Which is where we started. Enthusiasm for a day can soon turn to realism and then there's a smart answer for it. I find this rarely reassuring.

Thursday, 4 December 2008

Pickled and down

I have a feeling Bessy has convinced the world we are all doomed since it was she who first indicated by means of a swipe at the jar of pickled onions that the only way was down. Margaret says the world is just as it was before - plus a couple of rotations - and that thinking a jar is falling is a view of a yet to be perceived reality and that there are many other views that might equally be valid. She did notice the smell of vinegar and the mess on the floor, however.

Not sure what else happened today owing to my having forgotten it all.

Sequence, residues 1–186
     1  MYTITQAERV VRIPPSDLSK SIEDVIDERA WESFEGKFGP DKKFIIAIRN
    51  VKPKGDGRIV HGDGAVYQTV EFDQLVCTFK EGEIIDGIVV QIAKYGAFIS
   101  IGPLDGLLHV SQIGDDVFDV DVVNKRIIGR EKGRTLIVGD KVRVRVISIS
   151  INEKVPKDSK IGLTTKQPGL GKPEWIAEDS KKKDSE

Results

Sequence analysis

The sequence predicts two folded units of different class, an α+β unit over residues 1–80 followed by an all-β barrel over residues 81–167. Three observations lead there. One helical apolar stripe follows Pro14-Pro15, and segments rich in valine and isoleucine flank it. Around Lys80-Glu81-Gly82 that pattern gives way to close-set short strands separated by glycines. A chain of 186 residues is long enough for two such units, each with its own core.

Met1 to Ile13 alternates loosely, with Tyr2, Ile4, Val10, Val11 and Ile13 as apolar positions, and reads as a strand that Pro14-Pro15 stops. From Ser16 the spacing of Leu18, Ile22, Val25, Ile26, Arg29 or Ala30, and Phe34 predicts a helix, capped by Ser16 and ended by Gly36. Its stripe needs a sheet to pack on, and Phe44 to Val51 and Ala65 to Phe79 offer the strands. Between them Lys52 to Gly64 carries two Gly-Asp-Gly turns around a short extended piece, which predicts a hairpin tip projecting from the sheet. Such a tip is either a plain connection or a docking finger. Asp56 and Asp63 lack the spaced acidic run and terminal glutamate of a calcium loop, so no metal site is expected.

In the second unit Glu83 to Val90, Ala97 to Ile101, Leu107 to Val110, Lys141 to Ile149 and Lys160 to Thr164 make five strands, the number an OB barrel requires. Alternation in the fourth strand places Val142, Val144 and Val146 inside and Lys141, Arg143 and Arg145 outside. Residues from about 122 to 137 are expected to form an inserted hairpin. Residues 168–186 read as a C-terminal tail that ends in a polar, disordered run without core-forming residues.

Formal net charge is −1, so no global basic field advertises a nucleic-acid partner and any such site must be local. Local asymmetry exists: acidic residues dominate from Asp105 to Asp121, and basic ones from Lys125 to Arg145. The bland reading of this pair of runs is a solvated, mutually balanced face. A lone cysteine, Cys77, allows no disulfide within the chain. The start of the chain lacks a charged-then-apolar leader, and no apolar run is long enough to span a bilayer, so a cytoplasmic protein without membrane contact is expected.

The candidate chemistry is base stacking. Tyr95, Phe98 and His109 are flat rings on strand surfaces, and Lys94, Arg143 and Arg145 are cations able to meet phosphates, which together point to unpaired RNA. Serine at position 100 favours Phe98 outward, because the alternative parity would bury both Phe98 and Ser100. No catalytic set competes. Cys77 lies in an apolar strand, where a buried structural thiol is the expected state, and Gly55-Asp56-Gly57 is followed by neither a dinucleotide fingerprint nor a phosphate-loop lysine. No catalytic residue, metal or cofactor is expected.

Tuesday, 18 November 2008

Relinquishing perplexed and underloved dilemmas

For some time I have been having a feeling that there was something I should have been if I hadn't been a dentist. I mentioned this to Margaret over breakfast - she hovering 3 inches and me 2 - and she responded by smothering me in homemade apple and blackberry jam and asking if that was it. I'm not sure it was.

Bessy had spent the night dipping her tongue in a bowl of smelly water and lapping it as though it were something very pleasant. I suggested to Margaret that the hound was in a state of utter and undisguised self-perplexification as there was only ever likely to be one outcome. Margaret said that Bessy's confusion would be as profound as ever and serve to further our own search for reason. I didn't tell Margaret, but the one outcome I had in mind was a little less dignified - or useful.